James Monroe’s Highland is a historic site with a new story to tell. America’s fifth president lived at Highland sporadically from 1799 to 1823. Monroe sold the house and the fields immediately surrounding it in 1826, and the Bank of the United States sold the remaining farmland in 1828. The history of Highland includes James Monroe, his wife Elizabeth Kortright Monroe, and their family, as well as many enslaved men, women, and children. Between the untold stories of enslaved people, a fire that destroyed the main residence, and property changes by later owners, mystery and misunderstanding surrounded the site for years. Only now are historians and archaeologists peeling back the layers of history to uncover Highland’s complete past.
Old Name, Renewed
The Monroes’ original residence, built in 1799, burned down around the mid-1800s. Later owners contributed the name “Ash Lawn,” which was linked to the property’s name for more than a century. In 2016 it reverted to its name given by the Monroes.
A New Chapter
In 2016, a research discovery was announced that transformed our understanding of Highland—and of Monroe himself. Archaeological work uncovered remains from the 1799 main house, preserved just below the ground’s surface. The archaeological research continues, with more excavations planned for the future!
Reading the Rubble
The newly discovered remains reveal a sizeable, freestanding house as the Monroes’ main residence. Part of a large chimney base, several sections of stone-wall foundations, and segments of thicker walls belonging to a stone cellar have been uncovered and point to a house fire that likely destroyed the house between the mid-1830s and early 1850s.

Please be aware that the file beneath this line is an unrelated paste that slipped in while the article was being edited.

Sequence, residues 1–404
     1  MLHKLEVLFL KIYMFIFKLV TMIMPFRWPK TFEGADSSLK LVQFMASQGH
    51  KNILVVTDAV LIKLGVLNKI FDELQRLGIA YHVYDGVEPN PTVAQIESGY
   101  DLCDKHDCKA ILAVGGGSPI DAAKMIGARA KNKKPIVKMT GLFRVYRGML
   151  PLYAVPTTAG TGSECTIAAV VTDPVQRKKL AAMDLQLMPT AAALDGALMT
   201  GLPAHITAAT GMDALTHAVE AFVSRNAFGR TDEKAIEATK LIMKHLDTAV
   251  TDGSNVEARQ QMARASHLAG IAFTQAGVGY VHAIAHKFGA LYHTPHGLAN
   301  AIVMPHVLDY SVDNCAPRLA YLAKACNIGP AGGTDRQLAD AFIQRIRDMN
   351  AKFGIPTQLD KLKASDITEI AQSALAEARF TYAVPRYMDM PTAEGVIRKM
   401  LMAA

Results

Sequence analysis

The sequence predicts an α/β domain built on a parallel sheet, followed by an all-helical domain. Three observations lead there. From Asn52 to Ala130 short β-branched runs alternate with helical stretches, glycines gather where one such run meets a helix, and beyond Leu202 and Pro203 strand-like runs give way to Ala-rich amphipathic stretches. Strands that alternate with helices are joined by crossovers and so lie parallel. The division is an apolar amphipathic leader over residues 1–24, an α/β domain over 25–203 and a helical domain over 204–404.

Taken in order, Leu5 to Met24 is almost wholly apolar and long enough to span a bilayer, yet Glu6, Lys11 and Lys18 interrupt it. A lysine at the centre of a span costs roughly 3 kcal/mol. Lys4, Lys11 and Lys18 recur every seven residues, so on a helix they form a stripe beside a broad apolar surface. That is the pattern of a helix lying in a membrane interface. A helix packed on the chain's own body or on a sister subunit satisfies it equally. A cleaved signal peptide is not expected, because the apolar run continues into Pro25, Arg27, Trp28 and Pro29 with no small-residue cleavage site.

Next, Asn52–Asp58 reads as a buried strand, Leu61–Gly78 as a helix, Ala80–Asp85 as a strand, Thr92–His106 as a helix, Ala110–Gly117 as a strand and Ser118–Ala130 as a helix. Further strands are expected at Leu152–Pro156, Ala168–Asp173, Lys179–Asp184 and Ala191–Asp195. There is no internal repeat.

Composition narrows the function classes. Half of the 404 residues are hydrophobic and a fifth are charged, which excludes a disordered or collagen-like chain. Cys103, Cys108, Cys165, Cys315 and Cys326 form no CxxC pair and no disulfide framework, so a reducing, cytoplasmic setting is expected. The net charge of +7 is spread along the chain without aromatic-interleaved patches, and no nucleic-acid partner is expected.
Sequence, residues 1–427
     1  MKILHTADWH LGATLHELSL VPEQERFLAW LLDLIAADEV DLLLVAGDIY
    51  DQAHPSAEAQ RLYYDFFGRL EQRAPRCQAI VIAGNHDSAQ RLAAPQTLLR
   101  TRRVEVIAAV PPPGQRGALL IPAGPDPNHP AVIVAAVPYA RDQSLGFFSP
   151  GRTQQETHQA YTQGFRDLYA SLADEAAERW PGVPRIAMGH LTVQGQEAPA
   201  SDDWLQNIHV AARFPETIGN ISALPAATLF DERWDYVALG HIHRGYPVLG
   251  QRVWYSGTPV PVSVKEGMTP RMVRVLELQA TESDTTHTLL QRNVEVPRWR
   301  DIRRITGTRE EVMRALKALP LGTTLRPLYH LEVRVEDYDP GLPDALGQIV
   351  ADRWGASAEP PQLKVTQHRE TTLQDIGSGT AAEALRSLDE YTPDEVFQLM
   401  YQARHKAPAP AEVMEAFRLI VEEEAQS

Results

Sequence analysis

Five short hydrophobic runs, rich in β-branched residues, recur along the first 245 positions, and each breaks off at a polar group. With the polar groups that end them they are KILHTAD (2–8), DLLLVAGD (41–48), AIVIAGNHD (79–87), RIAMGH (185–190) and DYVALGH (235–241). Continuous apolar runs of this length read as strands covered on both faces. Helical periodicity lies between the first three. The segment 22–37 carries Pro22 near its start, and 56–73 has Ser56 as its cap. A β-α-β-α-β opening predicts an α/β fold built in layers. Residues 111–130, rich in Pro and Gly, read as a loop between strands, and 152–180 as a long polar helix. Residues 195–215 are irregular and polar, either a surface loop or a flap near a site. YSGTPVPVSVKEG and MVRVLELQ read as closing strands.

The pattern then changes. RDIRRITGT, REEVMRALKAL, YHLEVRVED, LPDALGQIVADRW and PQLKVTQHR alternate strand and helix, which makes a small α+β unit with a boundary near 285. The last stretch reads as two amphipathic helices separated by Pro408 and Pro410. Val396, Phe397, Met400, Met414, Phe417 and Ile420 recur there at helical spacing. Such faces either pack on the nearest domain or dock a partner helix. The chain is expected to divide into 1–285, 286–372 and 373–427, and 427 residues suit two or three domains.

Be His Guest
Recent findings confirmed that Highland’s main standing structure, long thought to be a remnant of the main house, was actually the presidential guesthouse—sheltering visitors during Monroe’s two-term presidency from 1817 to 1825. Today, it contains a rich collection of furnishings original to the Monroe family.
A September 6, 1818, letter from Monroe to son-in-law George Hay, coupled with tree-ring dating, provides good evidence about the guesthouse—such as that it was built that year (1818) by enslaved craftsmen—including a man named George, and a carpenter we understand to be “Peter Malorry” (historic spelling).
Window into History
When you visit us, you’ll hear the story of the lost and found main house and the entire property. You’ll learn about Highland’s inhabitants—starting with its most famous. You’ll gain insight into American history through the prism of one of its earliest leaders—the most popular U.S. president of his era, a four-term Virginia governor, Secretary of State and Secretary of War (under James Madison), an international diplomat, and a devoted public servant for 50 years.
New Web Exhibit
We’ve partnered with Google Arts & Culture to offer a free online exhibit of some of our most exciting archaeological and architectural research, including images of the inside and outside of Highland buildings. Check out Discovering the Home of President James Monroe now, right where you are!